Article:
Subject: RE: compatibility and the OSD
From: Kevin Bedell <kevin@kbedell.com>
Date: Sat, 25 Sep 2004 23:49:06 -0400

Quoting Lawrence Rosen <lrosen@rosenlaw.com>:

> What's wrong with the Sun Industry Standards Source License (SISSL) for this
> purpose? It is already approved by OSI as an open source license.
>
> I note that JAVA is not made available by Sun under the SISSL.
>

From my reading of the SISSL (and of course, IANAL), it looks as if it approves
publishing non-compatible derivative works as long as (from sec 3.1):

"You agree to publish either (i) any deviation from the Standards protocol
resulting from implementation of Your Modifications and a reference
implementation of Your Modifications or (ii) Your Modifications in Source Code
form, and to make any such deviation and reference implementation or
Modifications available to all third parties under the same terms as this
license on a royalty free basis within thirty (30) days of Your first customer
shipment of Your Modifications."

In the case of publishing Java under the SISSL, for example, it seems to me that
this would have allowed Microsoft to publish an incompatible version of Java as
long as it also published information on how its implementation deviated along
with a reverence implementation (which it did in the form of the MSJVM).

As you probably recall, a few years ago Microsoft (in its MSJVM) published an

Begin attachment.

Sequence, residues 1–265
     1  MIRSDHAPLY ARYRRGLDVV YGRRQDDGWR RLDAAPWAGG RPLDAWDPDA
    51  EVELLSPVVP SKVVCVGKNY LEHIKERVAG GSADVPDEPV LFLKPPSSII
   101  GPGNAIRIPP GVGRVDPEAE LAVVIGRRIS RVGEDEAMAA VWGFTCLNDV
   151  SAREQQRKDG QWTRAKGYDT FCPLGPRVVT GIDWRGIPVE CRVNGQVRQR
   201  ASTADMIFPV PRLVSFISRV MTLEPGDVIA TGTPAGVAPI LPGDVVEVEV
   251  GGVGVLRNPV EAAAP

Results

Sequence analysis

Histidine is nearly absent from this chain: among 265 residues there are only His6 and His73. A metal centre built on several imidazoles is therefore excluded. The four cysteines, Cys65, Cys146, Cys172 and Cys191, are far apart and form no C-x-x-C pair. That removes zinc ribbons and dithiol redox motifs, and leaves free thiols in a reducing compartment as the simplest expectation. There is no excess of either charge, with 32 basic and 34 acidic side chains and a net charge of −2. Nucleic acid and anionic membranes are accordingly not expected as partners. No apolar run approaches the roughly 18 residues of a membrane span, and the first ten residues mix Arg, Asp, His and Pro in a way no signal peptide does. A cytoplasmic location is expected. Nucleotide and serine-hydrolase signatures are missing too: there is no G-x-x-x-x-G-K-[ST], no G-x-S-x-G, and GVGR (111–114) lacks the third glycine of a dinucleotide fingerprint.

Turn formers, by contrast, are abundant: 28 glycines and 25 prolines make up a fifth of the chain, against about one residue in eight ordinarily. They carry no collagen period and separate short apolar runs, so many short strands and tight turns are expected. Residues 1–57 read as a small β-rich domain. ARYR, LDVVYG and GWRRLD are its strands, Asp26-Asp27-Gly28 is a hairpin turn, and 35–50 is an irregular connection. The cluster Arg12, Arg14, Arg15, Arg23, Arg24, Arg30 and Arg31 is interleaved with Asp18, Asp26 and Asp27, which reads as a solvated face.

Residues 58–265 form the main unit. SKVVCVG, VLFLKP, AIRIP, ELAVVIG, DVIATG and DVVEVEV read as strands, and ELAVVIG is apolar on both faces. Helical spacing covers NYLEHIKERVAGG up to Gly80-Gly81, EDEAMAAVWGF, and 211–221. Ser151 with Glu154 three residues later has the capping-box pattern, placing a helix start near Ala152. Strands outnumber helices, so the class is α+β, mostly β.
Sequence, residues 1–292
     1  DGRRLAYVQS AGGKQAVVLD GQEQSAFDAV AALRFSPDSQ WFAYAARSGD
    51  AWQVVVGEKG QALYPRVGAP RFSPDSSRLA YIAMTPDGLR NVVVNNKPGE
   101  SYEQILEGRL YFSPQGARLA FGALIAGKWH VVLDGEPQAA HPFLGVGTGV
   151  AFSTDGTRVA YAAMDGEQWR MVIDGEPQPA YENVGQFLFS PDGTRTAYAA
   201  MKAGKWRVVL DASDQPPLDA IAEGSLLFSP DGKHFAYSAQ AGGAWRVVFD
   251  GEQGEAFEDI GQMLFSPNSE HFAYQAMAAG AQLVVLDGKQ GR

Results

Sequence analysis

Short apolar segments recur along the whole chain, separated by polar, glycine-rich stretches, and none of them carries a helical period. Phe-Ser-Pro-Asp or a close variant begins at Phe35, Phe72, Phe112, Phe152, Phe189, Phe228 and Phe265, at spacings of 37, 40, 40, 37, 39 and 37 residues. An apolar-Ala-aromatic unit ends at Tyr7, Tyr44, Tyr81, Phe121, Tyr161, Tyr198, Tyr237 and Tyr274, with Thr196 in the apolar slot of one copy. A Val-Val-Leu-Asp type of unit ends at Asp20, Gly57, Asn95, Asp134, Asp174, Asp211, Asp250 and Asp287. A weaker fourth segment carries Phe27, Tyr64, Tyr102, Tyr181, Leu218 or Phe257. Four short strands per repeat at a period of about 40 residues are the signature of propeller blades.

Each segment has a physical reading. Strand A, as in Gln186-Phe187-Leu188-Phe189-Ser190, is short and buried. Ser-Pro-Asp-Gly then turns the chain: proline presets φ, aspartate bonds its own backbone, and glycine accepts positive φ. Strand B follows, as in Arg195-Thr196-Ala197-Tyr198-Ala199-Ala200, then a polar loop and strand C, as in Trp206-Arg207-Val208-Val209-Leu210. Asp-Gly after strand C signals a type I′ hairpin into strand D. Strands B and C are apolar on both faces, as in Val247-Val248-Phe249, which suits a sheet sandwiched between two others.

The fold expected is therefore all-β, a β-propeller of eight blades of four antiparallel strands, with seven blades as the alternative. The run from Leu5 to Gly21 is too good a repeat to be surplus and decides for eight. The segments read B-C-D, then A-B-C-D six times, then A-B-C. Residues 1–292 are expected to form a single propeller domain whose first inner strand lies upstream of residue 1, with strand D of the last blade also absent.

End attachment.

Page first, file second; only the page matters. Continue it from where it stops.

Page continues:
incompatible version of Java that resulted in a major lawsuit between it and
Sun. The SISSL seems as if it would have allowed Microsoft that right (at no
cost) as long as it also published details on how their implementation differed
along with reference implementation.

I've excerpted this line from a Microsoft Appeals Brief:

"As presented at last weekís preliminary injunction hearing, Sunís claim that
Microsoft engaged in anticompetitive conduct directed at Sunís Java technology
was based largely on the allegation that Microsoft in 1997 developed and
distributed a Java virtual machine for use with Windows (the "MSJVM") that was
incompatible in certain respects with Sunís Java speci≠fiations"

In this case, the ability to publish derivative works resulted in MS including
an incompatible version of Java in every version of Microsoft Windows.

Am I right in my reasoning here? If so, how could Sun have designed a license to
prevent this?

-kevin




Kevin Bedell
Black Duck Software
http://www.blackducksoftware.com

"Imagination is more important than knowledge."
 - Albert Einstein